He put the bounce back on banks
Fly Life Magazine.com / Skip Clement-Steve Kantner / October 21, 2021
NOTE: All photos by Steve Kantner
Steve Kantner—long-time Floridian—“earned his bones” as a walk-in fishing guide. Under the nickname “Landcaptain,” Steve taught a generation of anglers, either in person or through media efforts, secrets to many land-based venues. These include the Everglades. Now, as a writer and editor, he continues his mission via a keyboard. In the following, Flylifemagazine.com interviews this pro angler turned author:
FLM.com: The Everglades? Your old stomping ground? Describe your earliest experience.
Kantner: My stepfather driving me inland to a place locals knew as Andytown. What I remember distinctly? A bar; a gas pump; tanks filled with live wild shiners. This primitive truck stop held forth on the brink of nowhere, at the literal edge of the sawgrass. It’s location? Just south of the intersection of Highways 27 and Route 84, about 25 miles west of Ft. Lauderdale.
Forget Alligator Alley, or look for much additional access north of Highway 41 (the Tamiami Trail). That’s isolation. All you’d hear back then were birds, along with an occasional migrant bus—the latter tooling past on US 27 from Belle Glade or West Miami. Both highways—they had one lane apiece in each direction, were death traps.
Both bordered deep canals. Eventually, the state paid Hollywood resident, the late Bob Kay—the local fly tier who tried to standardize tarpon patterns—to recover drowning victims. Wrecked vehicles would end-up submerged. Bob then strapped on SCUBA gear and recovered the bodies.
I recall I and my Stepdad driving out there during the late 1950’s. That’s when the sawgrass and cattails touched the horizon.
Something else I remember? Fishing at the foot of a spillway.
It’s where I hooked a monster mudfish on a rental cane pole. While the fish got off, I stayed hooked forever. Years later, a friend jumped several tarpon at the spillway that he claimed were 100 pounders. This on a plug and casting tackle. If I remember correctly, the state demolished Andytown when they built the overpass for Interstate 595.
Wait—I DO recall another excursion: a night when both my parents joined me.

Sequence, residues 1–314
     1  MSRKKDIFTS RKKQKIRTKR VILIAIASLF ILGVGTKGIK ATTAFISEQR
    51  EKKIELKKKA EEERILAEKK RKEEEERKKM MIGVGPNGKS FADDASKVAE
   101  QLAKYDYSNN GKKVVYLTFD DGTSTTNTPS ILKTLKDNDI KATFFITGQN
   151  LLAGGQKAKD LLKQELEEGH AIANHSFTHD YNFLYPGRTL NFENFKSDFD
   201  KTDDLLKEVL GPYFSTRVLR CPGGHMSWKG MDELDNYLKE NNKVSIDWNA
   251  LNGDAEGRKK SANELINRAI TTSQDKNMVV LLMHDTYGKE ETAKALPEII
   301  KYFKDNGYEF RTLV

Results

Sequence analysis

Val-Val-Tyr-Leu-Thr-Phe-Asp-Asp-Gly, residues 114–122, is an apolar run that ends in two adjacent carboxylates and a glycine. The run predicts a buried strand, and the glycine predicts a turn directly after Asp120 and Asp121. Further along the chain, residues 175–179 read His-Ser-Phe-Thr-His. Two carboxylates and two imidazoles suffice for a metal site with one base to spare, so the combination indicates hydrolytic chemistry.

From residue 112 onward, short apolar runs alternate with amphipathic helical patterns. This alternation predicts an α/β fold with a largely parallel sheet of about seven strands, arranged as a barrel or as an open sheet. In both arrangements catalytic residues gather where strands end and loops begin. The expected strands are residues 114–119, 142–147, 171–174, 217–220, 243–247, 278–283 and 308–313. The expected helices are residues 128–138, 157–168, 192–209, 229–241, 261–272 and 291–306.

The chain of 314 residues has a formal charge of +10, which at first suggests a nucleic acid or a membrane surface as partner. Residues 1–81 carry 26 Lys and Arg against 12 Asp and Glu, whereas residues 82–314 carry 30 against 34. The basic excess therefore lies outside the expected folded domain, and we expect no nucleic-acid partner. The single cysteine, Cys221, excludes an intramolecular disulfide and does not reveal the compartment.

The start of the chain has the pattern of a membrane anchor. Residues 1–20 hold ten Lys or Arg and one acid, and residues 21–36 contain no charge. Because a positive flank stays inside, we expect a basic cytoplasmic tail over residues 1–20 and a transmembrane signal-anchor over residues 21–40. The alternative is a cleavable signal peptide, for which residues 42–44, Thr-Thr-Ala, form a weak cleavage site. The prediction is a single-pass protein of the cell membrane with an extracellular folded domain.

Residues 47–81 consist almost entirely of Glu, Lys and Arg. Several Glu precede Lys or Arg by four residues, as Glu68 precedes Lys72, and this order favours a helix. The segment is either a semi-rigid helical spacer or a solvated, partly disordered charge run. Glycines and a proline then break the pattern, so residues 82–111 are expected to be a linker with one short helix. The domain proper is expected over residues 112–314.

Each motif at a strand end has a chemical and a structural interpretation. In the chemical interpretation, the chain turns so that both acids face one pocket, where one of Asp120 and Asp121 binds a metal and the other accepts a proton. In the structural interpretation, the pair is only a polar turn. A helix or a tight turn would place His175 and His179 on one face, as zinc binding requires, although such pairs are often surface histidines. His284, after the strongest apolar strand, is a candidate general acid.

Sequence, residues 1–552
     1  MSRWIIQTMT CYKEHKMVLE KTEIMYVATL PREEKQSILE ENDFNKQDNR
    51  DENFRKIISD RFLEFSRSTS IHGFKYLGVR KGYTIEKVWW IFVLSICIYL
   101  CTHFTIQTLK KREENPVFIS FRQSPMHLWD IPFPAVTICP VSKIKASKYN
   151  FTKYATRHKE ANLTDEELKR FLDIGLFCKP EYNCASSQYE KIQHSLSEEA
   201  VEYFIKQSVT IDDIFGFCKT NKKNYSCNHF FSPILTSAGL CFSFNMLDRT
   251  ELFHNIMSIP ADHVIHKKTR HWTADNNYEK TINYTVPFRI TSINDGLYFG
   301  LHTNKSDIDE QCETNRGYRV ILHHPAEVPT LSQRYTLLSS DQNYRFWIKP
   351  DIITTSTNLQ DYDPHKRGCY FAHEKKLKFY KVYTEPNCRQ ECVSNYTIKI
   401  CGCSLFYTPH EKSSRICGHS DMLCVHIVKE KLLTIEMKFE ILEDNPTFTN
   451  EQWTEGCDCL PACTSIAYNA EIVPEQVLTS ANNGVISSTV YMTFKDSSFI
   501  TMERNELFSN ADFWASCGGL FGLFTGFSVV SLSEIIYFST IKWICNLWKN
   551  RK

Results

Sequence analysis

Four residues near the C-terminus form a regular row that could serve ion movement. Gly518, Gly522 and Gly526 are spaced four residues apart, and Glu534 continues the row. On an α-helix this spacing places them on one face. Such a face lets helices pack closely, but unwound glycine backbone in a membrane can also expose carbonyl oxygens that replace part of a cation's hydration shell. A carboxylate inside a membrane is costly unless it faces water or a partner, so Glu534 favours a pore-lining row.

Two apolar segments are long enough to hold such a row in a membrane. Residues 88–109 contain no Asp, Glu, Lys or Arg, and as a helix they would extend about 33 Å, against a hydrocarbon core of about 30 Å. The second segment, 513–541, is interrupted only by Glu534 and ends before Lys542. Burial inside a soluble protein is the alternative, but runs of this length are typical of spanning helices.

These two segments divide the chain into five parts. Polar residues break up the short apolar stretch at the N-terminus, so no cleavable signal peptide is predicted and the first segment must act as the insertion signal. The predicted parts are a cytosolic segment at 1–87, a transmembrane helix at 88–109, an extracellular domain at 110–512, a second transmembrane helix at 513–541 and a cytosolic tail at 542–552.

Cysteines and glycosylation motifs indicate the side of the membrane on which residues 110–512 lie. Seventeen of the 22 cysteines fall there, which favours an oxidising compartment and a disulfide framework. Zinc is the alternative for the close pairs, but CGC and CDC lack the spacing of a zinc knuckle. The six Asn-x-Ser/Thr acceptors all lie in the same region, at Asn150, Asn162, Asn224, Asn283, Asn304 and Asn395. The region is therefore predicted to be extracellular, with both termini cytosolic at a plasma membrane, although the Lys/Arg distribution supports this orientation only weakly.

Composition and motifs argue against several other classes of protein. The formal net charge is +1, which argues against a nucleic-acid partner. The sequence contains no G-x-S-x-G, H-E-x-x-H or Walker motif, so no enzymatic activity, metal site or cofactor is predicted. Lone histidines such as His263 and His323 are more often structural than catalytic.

I specifically remember us pulling off Route 84 near Melaleuca Isles. The Plantation suburb still sits there—now across the C-12 canal from a major development. Seems we fished from the bridge with live freshwater shrimp, or prawns? The garfish stole ‘em, but who’s complaining? (I did that later)
What sticks in my mind? Going back to our car to fetch a bobber or pre-made mono leader.
Talk about scared! Where we’d parked in the grass at twilight was now dark and spooky. The worst part? I found myself surrounded by snakes: several which were rattling all around me—and close, too! As luck would have it, it took another 40 years for one to tag me.
FLM.com: Your original impression of what you refer to in your “Ultimate Guide” as “The Salt Marsh?”
Kantner: What I referred to is an amorphous expanse of coastal marshland. It’s either under the influence of saltwater tides, or freshwater runoff. My favorite areas? They merge with what skiff anglers call “the backcountry.” Although freshwater species invade this region, the waterways I prefer differ from “true” Everglades creeks and ditches found east of Big Cypress Swamp, or five to 10 miles inland.
FLM.com: Is the marsh hard to access?
Kantner: No. US 41 provides excellent access. I first fished the roadside canal around 1990, when two friends dragged me along. I was already an accomplished fly fisherman— or so I thought. It turned out, however, I’d never contended with such a diverse collection of tiny forage.